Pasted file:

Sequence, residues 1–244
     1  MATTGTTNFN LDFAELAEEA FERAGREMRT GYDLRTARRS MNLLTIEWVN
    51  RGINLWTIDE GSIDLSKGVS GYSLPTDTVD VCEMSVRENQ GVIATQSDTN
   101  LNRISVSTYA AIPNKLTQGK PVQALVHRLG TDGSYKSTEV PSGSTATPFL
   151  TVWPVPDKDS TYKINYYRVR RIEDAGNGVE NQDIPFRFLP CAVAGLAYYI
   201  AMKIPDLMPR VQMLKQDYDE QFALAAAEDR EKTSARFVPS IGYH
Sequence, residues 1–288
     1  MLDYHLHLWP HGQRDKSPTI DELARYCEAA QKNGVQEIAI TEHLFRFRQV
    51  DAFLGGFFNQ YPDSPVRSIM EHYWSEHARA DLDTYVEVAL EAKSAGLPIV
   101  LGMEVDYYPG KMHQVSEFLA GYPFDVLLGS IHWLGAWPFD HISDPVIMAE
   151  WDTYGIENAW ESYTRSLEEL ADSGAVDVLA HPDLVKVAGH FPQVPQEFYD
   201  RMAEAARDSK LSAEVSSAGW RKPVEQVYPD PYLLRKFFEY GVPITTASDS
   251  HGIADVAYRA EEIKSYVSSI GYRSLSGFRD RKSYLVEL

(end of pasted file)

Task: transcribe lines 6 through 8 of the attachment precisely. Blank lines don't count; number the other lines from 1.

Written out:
   201  AMKIPDLMPR VQMLKQDYDE QFALAAAEDR EKTSARFVPS IGYH
Sequence, residues 1–288
     1  MLDYHLHLWP HGQRDKSPTI DELARYCEAA QKNGVQEIAI TEHLFRFRQV